Curiosity may be negative for the proverbial cat but it is a fundamental component of transformational leadership DNA. Andy Hargreaves and Dean Fink define this approach as “In the beginner’s mind there are many possibilities, in the expert’s mind there are few.” Curious leaders approach complex issues with a mindset that is not driven by existing constraints or predetermined pathways rather, they search for the connection between why change is necessary and how to move their organization towards change.
Truly effective leaders instinctively and intentionally live out this belief through their actions. For decision makers this approach is counter intuitive to institutional training, practices and belief structures. Typical leadership practices approach continuous improvement with the mentality of how do they address the issue within the existing institutional structures. From the onset this typical approach will yield typical results. As a transformational leaders you must be anything but typical.
Truly effective leaders instinctively and intentionally live out their beliefs through their actions. Many of their actions as a leader will be counter intuitive to institutional training, practices and belief structures within your organization. The ability as a leader to recognize and navigate through challenges will be the difference between systemic vs situational change. Leaders must be the agent for empowering the organization to continually ask why they are doing what they are doing in order to understand if their work is aligned with the intended outcomes. Successful organizations must resist this temptation and go with the flow – proceed with a beginner’s mind.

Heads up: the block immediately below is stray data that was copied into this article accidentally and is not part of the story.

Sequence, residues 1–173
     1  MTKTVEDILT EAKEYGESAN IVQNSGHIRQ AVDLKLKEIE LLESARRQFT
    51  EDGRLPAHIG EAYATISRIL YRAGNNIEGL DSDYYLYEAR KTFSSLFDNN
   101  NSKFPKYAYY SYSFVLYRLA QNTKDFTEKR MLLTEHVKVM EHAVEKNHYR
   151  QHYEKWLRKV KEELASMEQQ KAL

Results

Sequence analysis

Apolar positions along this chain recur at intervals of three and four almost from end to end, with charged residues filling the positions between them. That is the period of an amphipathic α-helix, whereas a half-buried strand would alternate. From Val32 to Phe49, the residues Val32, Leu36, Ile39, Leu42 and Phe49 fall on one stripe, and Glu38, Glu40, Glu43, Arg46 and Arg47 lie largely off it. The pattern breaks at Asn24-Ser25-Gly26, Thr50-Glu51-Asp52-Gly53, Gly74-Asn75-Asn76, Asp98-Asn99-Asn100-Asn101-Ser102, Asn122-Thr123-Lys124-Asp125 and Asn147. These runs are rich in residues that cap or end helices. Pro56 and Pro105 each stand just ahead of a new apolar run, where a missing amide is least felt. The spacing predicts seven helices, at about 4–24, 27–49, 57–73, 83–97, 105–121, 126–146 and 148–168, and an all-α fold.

Curious leaders understand reform efforts need to be approached with a fresh set of eyes open to all possibilities for truly impactful and sustainable results to occur. Curious leaders need to have the courage to withstand the institutional resistance that will come in an attempt to protect status quo. These transformational leaders must also have the courage to relinquish positional authority and practice distributive leadership. Distributive leadership comes through empowerment, collaboration and shared accountability as the norm and expectation for all.
We were all born with innate curiosity and over time social norming confines our instincts. Curious leaders cannot fly in the face of institutional practice but rather, find ways to change the belief structures that define the culture thus unlocking vast innovative growth potential in the organization and the collective personnel talent within their organization.
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